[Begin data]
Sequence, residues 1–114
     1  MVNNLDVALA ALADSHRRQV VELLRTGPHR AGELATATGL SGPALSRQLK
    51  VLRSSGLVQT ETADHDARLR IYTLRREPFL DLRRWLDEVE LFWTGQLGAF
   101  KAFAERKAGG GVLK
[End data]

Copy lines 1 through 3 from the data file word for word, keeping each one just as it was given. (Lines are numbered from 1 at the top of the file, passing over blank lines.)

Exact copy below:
Sequence, residues 1–114
     1  MVNNLDVALA ALADSHRRQV VELLRTGPHR AGELATATGL SGPALSRQLK
    51  VLRSSGLVQT ETADHDARLR IYTLRREPFL DLRRWLDEVE LFWTGQLGAF